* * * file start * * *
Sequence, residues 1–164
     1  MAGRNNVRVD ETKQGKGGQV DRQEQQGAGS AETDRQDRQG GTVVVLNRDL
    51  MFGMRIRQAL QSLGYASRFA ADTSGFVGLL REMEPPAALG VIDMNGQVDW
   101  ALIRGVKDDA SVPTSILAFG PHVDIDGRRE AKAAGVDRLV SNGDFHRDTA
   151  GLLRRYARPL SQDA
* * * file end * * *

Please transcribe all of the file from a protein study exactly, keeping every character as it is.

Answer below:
Sequence, residues 1–164
     1  MAGRNNVRVD ETKQGKGGQV DRQEQQGAGS AETDRQDRQG GTVVVLNRDL
    51  MFGMRIRQAL QSLGYASRFA ADTSGFVGLL REMEPPAALG VIDMNGQVDW
   101  ALIRGVKDDA SVPTSILAFG PHVDIDGRRE AKAAGVDRLV SNGDFHRDTA
   151  GLLRRYARPL SQDA